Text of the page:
27 September 2009
Corruption at the KPK...
The fight for justice against corruption is never easy. It never has been and never will be. It exacts a toll on our self, our families, our friends, and especially our children. In the end, I believe, as in my case, the price we pay is well worth holding on to our dignity.
-- Frank Serpico
It is certainly going to be interesting to watch this particular case unfold. If for no other reason that you have two commissioners of the Corruption Eradication Commission (Komisi Pemberantasan Korupsi / KPK), Chandra M Hamzah and Bibit Samad Rianto, accused of taking bribes to drop a case against a local Indonesian businessman who has since fled, and is thought to be living in Singapore.
Interesting because both successfully negotiated a very long and difficult vetting process which ultimately saw them appointed to the KPK, and by default one would have to assume that the vetting process turned up nothing of contention and certainly nothing that would have pegged them as being corrupt.
So, it appears, at least to the police, after having had long and successful careers outside of the KPK both Chandra and Bibit have turned to the dark side and take a bribe of allegedly IDR 1 billion for Chandra and IDR 1.5 billion for Bibit. Chandra allegedly collected his bribe, in cash, at Pasar Festival, and Bibit collected his at the Bellagio Residences.
This is most definitely out of character. So much so, that it seems almost impossible that the police are going to be able to put together a sustainable case. Particularly when it seems that the police have not been able to track the money nor place any other eyewitness accounts of the alleged payoffs. This is surprising for Pasar Festival as it is a place that generally has large numbers of people about.
However, the police have to have something because it would be extremely poor judgment to proceed without sufficient evidence. On the evidence front, the primary evidence is said to be an unsworn statement by the former Head of the KPK, Antasari Azhar, who is waiting to go to trial for his alleged role in a murder conspiracy.
It is a big call for the police to want to try and take these allegations all the way by filing a dossier with the Office of the Attorney General if the only "solid" evidence is an unsworn statement from an individual facing some pretty serious charges. The police have also said that they expect to file more criminal charges on top of the abuse of authority charges and the more recent bribery charges. But, they are not at liberty to disclose what those charges are likely to be.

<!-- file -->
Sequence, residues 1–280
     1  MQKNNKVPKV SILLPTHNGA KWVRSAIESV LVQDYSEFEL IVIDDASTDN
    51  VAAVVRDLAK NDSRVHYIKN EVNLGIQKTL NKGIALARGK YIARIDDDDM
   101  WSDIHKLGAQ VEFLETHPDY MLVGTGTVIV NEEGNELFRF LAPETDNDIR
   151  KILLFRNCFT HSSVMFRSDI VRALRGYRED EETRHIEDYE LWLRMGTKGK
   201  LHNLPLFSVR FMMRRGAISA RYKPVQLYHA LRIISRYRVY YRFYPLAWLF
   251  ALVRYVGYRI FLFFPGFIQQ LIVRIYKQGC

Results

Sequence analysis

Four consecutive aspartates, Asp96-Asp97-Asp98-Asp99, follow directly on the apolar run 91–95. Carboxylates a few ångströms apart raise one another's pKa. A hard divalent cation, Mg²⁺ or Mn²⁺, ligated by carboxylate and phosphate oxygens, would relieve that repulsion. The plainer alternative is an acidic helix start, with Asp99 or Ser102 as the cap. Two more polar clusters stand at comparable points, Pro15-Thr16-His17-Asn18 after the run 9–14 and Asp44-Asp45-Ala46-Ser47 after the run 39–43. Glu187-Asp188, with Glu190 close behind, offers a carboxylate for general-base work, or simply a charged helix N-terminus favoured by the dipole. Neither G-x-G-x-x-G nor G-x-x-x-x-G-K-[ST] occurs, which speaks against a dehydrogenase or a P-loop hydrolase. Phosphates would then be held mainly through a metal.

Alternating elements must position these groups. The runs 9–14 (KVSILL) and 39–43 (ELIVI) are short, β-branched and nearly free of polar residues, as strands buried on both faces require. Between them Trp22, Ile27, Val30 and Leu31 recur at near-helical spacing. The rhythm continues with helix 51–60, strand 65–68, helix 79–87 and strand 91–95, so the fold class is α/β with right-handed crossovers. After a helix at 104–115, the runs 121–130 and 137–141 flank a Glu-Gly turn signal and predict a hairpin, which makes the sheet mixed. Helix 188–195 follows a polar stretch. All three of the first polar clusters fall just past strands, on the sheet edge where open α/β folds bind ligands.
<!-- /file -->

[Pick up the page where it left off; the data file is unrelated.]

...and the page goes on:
The police case against Chandra and Bibit is simply that they abused their authority as commissioners of the KPK by seeking, obtaining, and then removing a travel ban against Anggoro Widjaja and Djoko Tjandra. Apart from some rather obvious repercussions of criminalizing administrative powers, the police case has absolutely no chance of success.
The idea that the administrative functions of public officials can be criminalized is one that even Indonesian courts will find a little repugnant. Mainly because if the courts were to accept arguments then by logical extension many, if not all, of the administrative functions of all public officials would conceivably be criminalized, perhaps even those of the president.
When the police realized the weakness of the case it was seemingly decided that there was a need to up the ante with criminal charges relating to bribery. If there is a fishy smell about this then it is that the Head of the Criminal Investigation Branch, Comr. Gen. Susno Duaji, that is investigating this alleged crime is also caught up in a KPK investigation relating to Bank Century.
Bank Century is the bank that was bailed out by the government under somewhat debatable circumstances as to the importance of the Bank to the overall Indonesian economy and during a time where the founders and upper level executives were allegedly syphoning off large sums of cash.
Therefore, it would seem to be a simple ask that the Chief of National Police, Bambang Danuri, would remove Duaji from his position in order to avoid any apparent conflict of interest. Any failure to do so will continually expose the police as a whole not only to the idea that there is a personal element of payback to this investigation, but that the police themselves are operating not solely in their own interest and the interest of the broader community, rather they have abandoned the ideal of the broader community to act on behalf of a couple of individual citizens who have fled the jurisdiction.
Perception is sometimes more powerful than the truth, the idea that the pen is mightier than the sword.